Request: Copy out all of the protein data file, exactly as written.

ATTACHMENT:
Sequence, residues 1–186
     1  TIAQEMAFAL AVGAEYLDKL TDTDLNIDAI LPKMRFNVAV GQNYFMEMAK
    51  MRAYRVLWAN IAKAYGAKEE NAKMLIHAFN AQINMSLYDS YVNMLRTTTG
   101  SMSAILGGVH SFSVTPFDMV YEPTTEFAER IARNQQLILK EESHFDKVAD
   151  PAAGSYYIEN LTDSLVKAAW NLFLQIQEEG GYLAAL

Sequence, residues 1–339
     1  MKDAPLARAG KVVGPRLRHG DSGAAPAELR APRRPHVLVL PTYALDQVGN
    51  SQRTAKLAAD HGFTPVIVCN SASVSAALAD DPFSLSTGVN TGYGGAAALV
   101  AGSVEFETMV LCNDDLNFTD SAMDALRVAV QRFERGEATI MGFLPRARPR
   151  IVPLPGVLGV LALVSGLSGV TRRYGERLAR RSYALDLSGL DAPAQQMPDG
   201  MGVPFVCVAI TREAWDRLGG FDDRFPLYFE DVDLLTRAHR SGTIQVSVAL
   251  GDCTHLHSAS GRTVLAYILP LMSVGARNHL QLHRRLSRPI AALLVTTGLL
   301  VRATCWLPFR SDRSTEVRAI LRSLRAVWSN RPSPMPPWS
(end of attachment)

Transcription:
Sequence, residues 1–186
     1  TIAQEMAFAL AVGAEYLDKL TDTDLNIDAI LPKMRFNVAV GQNYFMEMAK
    51  MRAYRVLWAN IAKAYGAKEE NAKMLIHAFN AQINMSLYDS YVNMLRTTTG
   101  SMSAILGGVH SFSVTPFDMV YEPTTEFAER IARNQQLILK EESHFDKVAD
   151  PAAGSYYIEN LTDSLVKAAW NLFLQIQEEG GYLAAL

Sequence, residues 1–339
     1  MKDAPLARAG KVVGPRLRHG DSGAAPAELR APRRPHVLVL PTYALDQVGN
    51  SQRTAKLAAD HGFTPVIVCN SASVSAALAD DPFSLSTGVN TGYGGAAALV
   101  AGSVEFETMV LCNDDLNFTD SAMDALRVAV QRFERGEATI MGFLPRARPR
   151  IVPLPGVLGV LALVSGLSGV TRRYGERLAR RSYALDLSGL DAPAQQMPDG
   201  MGVPFVCVAI TREAWDRLGG FDDRFPLYFE DVDLLTRAHR SGTIQVSVAL
   251  GDCTHLHSAS GRTVLAYILP LMSVGARNHL QLHRRLSRPI AALLVTTGLL
   301  VRATCWLPFR SDRSTEVRAI LRSLRAVWSN RPSPMPPWS